In an ongoing case, a European engineering firm, PT Basuki, filed a claim against a large construction company in Indonesia and several other parties, for the misuse of its secret know-how in boiler construction. PT Basuki claimed that its secret boiler design know-how was used by the defendant to develop similar products, however, PT Basuki's claim was dismissed by the Bekasi District Court. The judges reasoned that the Commercial Court rather than the District Court ought to have jurisdiction over the case because the case concerned intellectual property, and the Commercial Court had previously heard a related industrial design case between the same parties. However, the Supreme Court upheld the plaintiff's appeal against the case dismissal. The case was sent back to the Bekasi District Court to be retried and is still on-going.

The Supreme Court ruling confirms what the law has already stipulated - the case was correctly brought before the district court in Bekasi. The initial rejection of the case by the District Court was incorrect and can only be explained by their difficulty with, and lack of experience in, handling trade secret issues. This is a common problem in developing IP jurisdictions in Southeast Asian countries where trade secret issues are seldom brought before the courts despite the fact that the law may provide for it.

The new Indonesian Electronic and Information Technology Law also contains provisions against unauthorised access to computer systems. However, we have yet to see an actual application of these provisions.

Case Study 20 - Theft of trade secrets and tracking electronic data in Singapore

Background Trade secret theft can be extremely difficult to detect and even harder to prove in a court of law. In some cases, victims may even hold strong suspicions over the loss of certain trade secrets to former employees but, as is often the case, are unable to take any action to redress losses because of a lack of proof. In 2010, several relationship managers of a European bank in Singapore left en masse to a rival bank. Prior to leaving the bank, they emailed data from the bank's computer system to their own personal email accounts; they also accessed and printed confidential company data. Nowadays information accessed by such means can easily be gathered from system logs, and recent advances in computer forensics have made it easier to retrieve deleted files. Thanks to such information gathering systems, these employees were subsequently charged in a Singaporean court for the unauthorised access of confidential client data.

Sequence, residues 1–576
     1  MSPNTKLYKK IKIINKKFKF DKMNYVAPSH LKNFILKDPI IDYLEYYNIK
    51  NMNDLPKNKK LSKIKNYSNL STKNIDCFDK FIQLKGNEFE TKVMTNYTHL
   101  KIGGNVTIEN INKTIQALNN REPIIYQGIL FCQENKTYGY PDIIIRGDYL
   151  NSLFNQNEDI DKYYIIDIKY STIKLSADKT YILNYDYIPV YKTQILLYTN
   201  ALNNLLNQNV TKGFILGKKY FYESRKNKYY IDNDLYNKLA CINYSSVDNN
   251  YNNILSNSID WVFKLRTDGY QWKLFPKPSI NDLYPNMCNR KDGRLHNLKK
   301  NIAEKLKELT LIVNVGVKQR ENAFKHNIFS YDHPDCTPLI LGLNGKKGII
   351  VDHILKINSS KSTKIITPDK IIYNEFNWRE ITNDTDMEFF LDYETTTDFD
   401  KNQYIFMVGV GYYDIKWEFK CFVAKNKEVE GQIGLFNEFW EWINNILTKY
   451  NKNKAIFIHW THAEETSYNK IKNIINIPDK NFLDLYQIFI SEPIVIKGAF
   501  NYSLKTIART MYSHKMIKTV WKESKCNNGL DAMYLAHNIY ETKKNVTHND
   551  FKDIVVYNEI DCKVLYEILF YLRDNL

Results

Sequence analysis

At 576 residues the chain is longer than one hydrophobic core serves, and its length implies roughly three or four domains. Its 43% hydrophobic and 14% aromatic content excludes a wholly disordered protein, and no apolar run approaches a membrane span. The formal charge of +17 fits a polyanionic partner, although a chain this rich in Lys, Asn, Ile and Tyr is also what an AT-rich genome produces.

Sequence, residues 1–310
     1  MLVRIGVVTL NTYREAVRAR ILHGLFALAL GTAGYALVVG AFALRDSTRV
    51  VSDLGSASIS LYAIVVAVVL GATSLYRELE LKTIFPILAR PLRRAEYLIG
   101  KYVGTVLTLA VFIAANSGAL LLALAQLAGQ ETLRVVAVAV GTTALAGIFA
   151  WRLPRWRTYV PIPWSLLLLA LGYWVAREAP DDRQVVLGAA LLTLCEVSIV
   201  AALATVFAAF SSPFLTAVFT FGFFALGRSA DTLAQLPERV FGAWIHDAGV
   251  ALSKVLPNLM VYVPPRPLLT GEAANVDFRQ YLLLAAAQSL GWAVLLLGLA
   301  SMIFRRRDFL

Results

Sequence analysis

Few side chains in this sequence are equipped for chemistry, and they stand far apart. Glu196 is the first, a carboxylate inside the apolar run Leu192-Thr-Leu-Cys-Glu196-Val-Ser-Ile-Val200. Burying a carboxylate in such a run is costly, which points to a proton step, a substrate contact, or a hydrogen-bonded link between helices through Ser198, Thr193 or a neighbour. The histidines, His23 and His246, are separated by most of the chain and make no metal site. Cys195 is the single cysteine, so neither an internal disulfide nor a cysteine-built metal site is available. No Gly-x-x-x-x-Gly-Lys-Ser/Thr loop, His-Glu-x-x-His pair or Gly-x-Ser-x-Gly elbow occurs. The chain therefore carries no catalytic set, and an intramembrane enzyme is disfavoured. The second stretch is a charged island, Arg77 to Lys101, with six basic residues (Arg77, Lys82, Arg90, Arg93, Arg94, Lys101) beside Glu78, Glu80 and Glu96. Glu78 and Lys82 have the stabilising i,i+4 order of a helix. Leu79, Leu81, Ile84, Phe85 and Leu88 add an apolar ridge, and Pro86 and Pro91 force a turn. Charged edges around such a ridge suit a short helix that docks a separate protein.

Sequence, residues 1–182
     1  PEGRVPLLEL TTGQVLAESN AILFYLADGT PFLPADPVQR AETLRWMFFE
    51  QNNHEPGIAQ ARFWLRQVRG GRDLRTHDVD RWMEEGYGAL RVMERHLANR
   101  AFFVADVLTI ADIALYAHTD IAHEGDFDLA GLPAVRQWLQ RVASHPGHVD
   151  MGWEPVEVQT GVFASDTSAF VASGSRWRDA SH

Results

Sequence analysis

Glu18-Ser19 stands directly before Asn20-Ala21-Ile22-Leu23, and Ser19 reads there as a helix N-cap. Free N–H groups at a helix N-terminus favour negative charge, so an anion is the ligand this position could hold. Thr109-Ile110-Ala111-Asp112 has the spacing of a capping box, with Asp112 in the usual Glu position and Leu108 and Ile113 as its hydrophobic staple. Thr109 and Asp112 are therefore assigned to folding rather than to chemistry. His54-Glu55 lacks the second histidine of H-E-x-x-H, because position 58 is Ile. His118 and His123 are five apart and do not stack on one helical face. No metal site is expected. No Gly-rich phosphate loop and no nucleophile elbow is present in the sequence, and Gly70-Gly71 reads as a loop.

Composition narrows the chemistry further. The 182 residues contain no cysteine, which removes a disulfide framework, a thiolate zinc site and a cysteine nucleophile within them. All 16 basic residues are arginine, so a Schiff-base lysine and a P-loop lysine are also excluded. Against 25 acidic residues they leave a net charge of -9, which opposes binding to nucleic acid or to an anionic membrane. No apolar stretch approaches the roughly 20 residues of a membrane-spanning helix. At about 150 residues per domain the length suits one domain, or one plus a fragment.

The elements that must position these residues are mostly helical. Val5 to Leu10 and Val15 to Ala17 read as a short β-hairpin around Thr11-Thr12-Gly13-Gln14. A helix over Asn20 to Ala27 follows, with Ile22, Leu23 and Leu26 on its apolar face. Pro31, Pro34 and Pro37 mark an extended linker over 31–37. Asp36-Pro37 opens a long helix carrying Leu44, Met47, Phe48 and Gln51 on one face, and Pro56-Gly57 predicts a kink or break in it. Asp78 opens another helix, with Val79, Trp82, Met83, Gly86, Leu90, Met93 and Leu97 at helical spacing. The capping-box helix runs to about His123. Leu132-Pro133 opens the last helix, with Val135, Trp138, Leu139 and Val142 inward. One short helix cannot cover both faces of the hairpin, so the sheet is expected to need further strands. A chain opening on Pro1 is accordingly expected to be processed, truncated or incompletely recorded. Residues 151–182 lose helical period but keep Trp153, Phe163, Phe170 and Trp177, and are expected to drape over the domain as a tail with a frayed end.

Case Study 19 – Generic drug manufacturer in Vietnam infringes process patent of British pharmaceutical company

Background

A British pharmaceutical manufacturer is a market leader in the production of an anti-cancer drug, which it has been exporting to every major developed country for the last 20 years, and also more recently to developing countries, particularly in Southeast Asia.

The active ingredient of the drug was patented (product patent), but the original patent expired 3 years ago. However, a new improved process for making the drug was patented 10 years ago (process patent), and this patent is still in force in various countries, including Singapore, Malaysia, and Indonesia.

Two years ago, the manufacturer found out that a generic manufacturer based in Vietnam was making and exporting the anti-cancer drug to Malaysia, and being sold in these countries for half the price of their own drug. This was having a serious adverse effect on sales.

Case Study 18 – Patent ownership dispute in Southeast Asia (Indonesia)

Background

A Belgian entrepreneur set up a local food processing operation called ‘BE Food’ in Indonesia. One of their plant managers developed an innovation to the existing raw material cleaning process. The Belgian entrepreneur, believing that BE Food could commercialise this process by manufacturing equipment with this innovation, offered a reward-sharing scheme and brought the plant manager to an attorney to discuss future contractual arrangements, as the existing employment agreement was silent on ownership of intellectual property in inventions.

In the meantime, the plant manager secretly instructed a patent attorney to apply for a patent in his own name. The patent was drafted by a local attorney in the Indonesian language (Bahasa Indonesia).

As soon as the Belgian entrepreneur discovered the patent filing, he asked the plant manager to surrender the patent application to BE Food. The plant manager refused.